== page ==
Dean's Professor in Global Health
Director, Global Health & Aging Research
Director for Research, Hartford Institute for Geriatric Nursing
Affiliated Professor, Ashman Department of Periodontology & Implant Dentistry
1 212 992 5951
433 First Avenue
New York, NY 10010
Dr. Bei Wu joined NYU Rory Meyers College of Nursing as a fully tenured Professor of Nursing. She received her Bachelor of Law from Shanghai University and her PhD in Gerontology from University of Massachusetts Boston.
Dr. Wu’s career in gerontology has been distinguished by interdisciplinary collaborations with researchers in various disciplines (particularly in nursing and in dentistry) at many academic institutions and organizations in the U.S. and abroad. She has provided keynote presentations, lectures, and/or consultation in dozens of universities and organizations in the United States and globally, including China, Singapore, the Netherlands, Norway, and Turkey. As Principal Investigator, she has led a significant number of projects supported by federal agencies such as the National Institutes of Health and Centers for Disease Control and Prevention. Her numerous publications cover a variety of issues related to aging and health, including long-term care, dementia, caregiving, and oral health. She has served on a number of NIH review panels and is also a frequent grant reviewer for the Research Fund of Hong Kong Food and Health Bureau, Medical Research Council (United Kingdom), and Chang Jiang Scholars Program at the Ministry of Education of China.
Dr. Wu was previously The Pauline Gratz Professor of Nursing and Professor of Global Health at Duke University, where she served as Director for International Research in the School of Nursing. She was also a Senior Fellow of the Duke University Center for the Study of Aging and Human Development. Dr. Wu is a fellow of the Gerontological Society of America and the Association for Gerontology in Higher Education. She is an Advisory Professor at Fudan University and was a Visiting Chair Professor at Wuhan University, Shanghai University, and Jiangsu University. Dr. Wu is President of the Geriatric Oral Health Group of the International Association for Dental Research and Chair of the Mentoring Committee at the Gerontological Society of America.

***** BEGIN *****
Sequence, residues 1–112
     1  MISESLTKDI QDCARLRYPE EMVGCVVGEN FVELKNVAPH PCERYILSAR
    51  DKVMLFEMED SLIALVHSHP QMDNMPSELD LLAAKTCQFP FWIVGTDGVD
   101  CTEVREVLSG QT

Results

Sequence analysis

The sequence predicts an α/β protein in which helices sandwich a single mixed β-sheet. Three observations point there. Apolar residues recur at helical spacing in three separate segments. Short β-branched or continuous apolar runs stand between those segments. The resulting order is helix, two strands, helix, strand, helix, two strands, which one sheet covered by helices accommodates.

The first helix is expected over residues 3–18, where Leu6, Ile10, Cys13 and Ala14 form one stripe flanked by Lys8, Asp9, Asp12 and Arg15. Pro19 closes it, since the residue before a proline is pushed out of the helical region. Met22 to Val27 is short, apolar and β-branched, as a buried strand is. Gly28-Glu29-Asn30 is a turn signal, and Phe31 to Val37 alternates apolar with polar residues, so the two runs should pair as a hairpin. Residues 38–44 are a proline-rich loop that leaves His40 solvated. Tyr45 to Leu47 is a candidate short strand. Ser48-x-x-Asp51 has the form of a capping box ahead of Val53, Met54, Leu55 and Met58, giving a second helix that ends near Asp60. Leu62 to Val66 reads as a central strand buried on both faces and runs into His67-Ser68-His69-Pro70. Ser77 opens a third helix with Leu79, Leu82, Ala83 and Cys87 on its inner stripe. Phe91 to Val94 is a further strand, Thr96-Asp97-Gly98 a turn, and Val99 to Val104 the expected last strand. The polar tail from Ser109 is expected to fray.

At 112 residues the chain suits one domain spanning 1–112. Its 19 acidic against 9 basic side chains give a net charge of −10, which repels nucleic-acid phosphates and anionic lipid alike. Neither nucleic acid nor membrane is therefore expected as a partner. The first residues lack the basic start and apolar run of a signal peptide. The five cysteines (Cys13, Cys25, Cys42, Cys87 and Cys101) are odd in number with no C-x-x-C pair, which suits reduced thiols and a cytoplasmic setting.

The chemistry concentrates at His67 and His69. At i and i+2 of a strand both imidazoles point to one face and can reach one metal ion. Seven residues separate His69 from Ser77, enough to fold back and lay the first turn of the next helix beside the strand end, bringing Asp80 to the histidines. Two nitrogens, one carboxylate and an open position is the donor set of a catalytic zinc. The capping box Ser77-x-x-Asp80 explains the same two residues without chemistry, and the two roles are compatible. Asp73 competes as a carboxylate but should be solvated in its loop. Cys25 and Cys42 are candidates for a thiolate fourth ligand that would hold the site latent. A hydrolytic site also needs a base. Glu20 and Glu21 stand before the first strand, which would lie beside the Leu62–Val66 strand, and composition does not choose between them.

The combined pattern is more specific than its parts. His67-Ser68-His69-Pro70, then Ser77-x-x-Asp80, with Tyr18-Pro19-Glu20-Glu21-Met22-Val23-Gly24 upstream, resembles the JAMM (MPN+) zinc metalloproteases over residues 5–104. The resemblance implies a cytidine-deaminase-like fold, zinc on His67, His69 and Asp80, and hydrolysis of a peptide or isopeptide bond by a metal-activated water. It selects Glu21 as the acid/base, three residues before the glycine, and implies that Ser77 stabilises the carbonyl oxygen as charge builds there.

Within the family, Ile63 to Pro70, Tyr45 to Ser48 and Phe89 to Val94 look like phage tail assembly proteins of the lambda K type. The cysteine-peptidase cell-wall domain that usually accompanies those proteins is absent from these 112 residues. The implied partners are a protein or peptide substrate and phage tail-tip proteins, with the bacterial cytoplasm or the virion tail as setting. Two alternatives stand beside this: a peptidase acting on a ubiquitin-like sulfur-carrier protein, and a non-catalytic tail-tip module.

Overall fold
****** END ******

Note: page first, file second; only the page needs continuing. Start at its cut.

BS, Shanghai UniversityMS, University of Massachusetts – Boston, Gerontology CenterPhD, University of Massachusetts – Boston, Gerontology Center
Honors and awards
Distinguished Scientist Award for Geriatric Oral Research, International Association for Dental Research (2017)Pauline Gratz Professorship, Duke University School of Nursing (2014)J. Morita Junior Investigator Award in Geriatric Oral Health, International Association for Dental Research (2007)
Fellow, Gerontological Society of AmericaFellow, Association for Gerontology in Higher EducationFellow, New York Academy of MedicineHonorary Member, The Honor Society of Nursing, Sigma Theta Tau International
Psychological well-being of Chinese Immigrant adult-child caregivers: how do filial expectation, self-rated filial performance, and filial discrepancy matter?AbstractBackground: Given the importance of ethnic culture in family caregiving and recent Chinese immigrant population growth, this study explored effects of multiple filial piety traits—filial expectation, self-rated filial performance, and filial discrepancy—on psychological well-being of Chinese immigrants who care for older parents (adult-child caregivers) in the United States. Methods: This study used cross-sectional data from 393 Chinese immigrant adult-child caregivers in the Greater Chicago area from the 2012–2014 Piety study. Multivariate negative binomial and linear regression analyses tested effects of filial expectation, self-rated filial performance, overall filial discrepancy, and discrepancies in six filial domains (respect, bringing happiness, care, greeting, obedience, and financial support) on psychological well-being indicators: depressive symptoms and stress. Results: Adult-child caregivers reported high filial expectation and self-rated performance, and expectation was higher than performance. High filial expectation and self-rated performance were significantly associated with better psychological well-being; Overall filial discrepancy and two emotional-support domain discrepancies (respect, greeting) were associated with poor psychological well-being. Conclusions: Findings suggest that filial expectation, self-rated filial performance, and filial discrepancy are important in shaping Chinese adult-child caregivers’ psychological well-being. Researchers and practitioners should incorporate these aspects of filial piety in future research and intervention development for this population.